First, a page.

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Follow Your Heart, Follow Your God

by Suzie Johnson

Royalty, Legend, and Martyr

Royalty
Marrying without permission of the king was dangerous business for a possible heir to the British throne. Though she had no desire to become Queen, King James I of England (also King James VI of Scotland) feared his cousin, Lady Arabella Stuart – daughter of Charles Stuart, had designs on the throne. Like James, she was a granddaughter of King Henry II. But all Lady Arabella really wanted was to marry William Seymour, 2nd Duke of Somerset. Like Arabella, William was also a descendant of the Tudors. While she was fourth in line, he was sixth. Their desire to marry caused further suspicion in James – who never really believed her claim that she had no desire to be the queen.

In 1610, Arabella followed her heart and secretly married William. The punishment for her elopement was imprisonment. Her husband was imprisoned in the Tower of London, while Arabella was imprisoned in the home of Sir Thomas Perry. Because of this, they were able to exchange letters – another secret eventually discovered by King James. In anger, he ordered Arabella transferred to another location.
 
Before she could be moved, Arabella feigned illness. She and William had an escape plan. They were to meet in Kent and sail to France. Dressed as a man, Arabella made her escape. Sadly, William took longer than planned and the ship sailed before he arrived. He boarded the next ship, but never caught up with Arabella. Her ship was stopped before it reached France and she was taken to the Tower of London.

Heartbroken, never to see her husband again, and never to leave her prison, Lady Arabella starved herself to death.

Legend
Is there a romance reader or history lover among us who doesn’t love a good legend? Rest assured, with Lady Arabella, there is a legend. It may not have much credence, but let’s pretend for a minute that it does because it certainly adds to the effect of the story.

Legend has it that within a year of their marriage, Lady Arabella gave birth to a daughter. That would mean James did not find out about the marriage right away. Perhaps Lady Arabella and William lived in a secret hideaway for a year before James found out about their marriage.

After their imprisonment, James sent scouts to search for the baby, but Arabella’s lady-in-waiting, Mary Dyer, was said to have taken the infant to the country. She claimed to have adopted the baby, and named her after herself – Mary Dyer. When the infant Mary Dyer grew up, she married her foster mother’s cousin, William Dyer.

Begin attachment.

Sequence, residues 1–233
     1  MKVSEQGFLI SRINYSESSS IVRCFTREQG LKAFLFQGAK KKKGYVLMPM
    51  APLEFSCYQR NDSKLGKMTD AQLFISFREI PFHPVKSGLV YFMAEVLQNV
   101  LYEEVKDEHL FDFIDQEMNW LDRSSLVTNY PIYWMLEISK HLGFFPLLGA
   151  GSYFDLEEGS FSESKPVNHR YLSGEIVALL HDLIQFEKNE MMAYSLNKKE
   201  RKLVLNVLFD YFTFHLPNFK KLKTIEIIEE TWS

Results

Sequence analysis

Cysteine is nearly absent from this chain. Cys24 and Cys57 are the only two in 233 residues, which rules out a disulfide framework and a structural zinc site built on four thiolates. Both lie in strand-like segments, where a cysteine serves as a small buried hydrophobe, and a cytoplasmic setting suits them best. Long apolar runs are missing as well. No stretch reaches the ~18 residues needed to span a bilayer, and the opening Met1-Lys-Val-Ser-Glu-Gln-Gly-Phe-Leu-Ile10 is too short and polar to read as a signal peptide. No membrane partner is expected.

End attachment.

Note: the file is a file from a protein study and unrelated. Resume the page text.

Within a couple of years, William and Mary emigrated from England to Boston, in the Massachusetts Bay Colony. Puritans and members of the church in Boston, the Dyers were highly regarded. But things wouldn’t always remain that way.

Martyr
In October of 1637, Mary gave birth to a stillborn daughter. Her delivery was attended by her friend, Anne Hutchinson. Anne was part of a movement known as antinomianism – a theological doctrine that says by faith and God’s grace, a Christian is free from all law. This was a direct challenge to the belief that the clergy had church and governmental authority over the colonists. Mary and her husband were supporters of Anne and others in this movement. Unfortunately, their association with Anne soon spelled doom.

In November of 1637, Anne was accused, tried and convicted of being a heretic. Mary’s husband and other of Anne’s followers were disenfranchised and disarmed. A few months later, Anne was excommunicated from the Boston Church. Some of the women saw Mary leave the church with Anne, and the gossip about her stillborn child began.

The governor ordered the infant body publicly exhumed, and they found that the stillborn child had been deformed. He considered this evidence of heresy. Mary and her husband were ordered banished from Boston along with Anne and many of her followers. They went to live in the newly formed colony of Rhode Island where there was no enforced church doctrine. Several years later, Mary joined the Quaker Religious Society of Friends and eventually became one of their preachers.

In Boston, a law was passed banning Quakers. Other laws were passed, giving authorities the right to inflict several different horrors upon Quakers who entered Boston. The laws were proclaimed on the street corners, with drums beating in the background.

Mary went there to protest, and was arrested and again banished from Boston. This wouldn’t be the last time Mary was arrested. Mary felt led to preach Quakerism, which led to another arrest. After she was freed, Mary traveled back to Massachusetts to visit fellow Quakers who had been arrested. Again she was arrested, and again she was banished from the colony. Still, Mary felt led to Massachusetts. This time when she was arrested, she was sentenced to death along with two other Quakers.    

The two Quakers were hanged, but Mary was spared death and forced to return to Rhode Island. Mary, standing up for what she believed was right, returned to Boston to speak out against the law that she felt was wrong. Arrested, and sentenced to death again, Mary was given the opportunity to recant her beliefs, but she refused.

Mary insisted she was sent by the Lord, and angered the governor when she said the Lord would send other servants to do His work. She was made an example of, as a warning to other Quakers who might dare enter Massachusetts, when, on June 1st, 1660, Mary Barrett Dyer was led to the gallows, a mile from her jail cell, accompanied by soldiers and drummers, and was hanged on the Boston Common.

This was a tragic end for the woman who some think was royalty as the secret daughter of Lady Arabella Stuart. But she believed she was sent by God to fight for freedom of religion, and even upon the threat of death she stood up for her beliefs. I know I would never be as outspoken as Mary, but I would like to hope that if the situation required it, I'd be willing to die for my beliefs as well.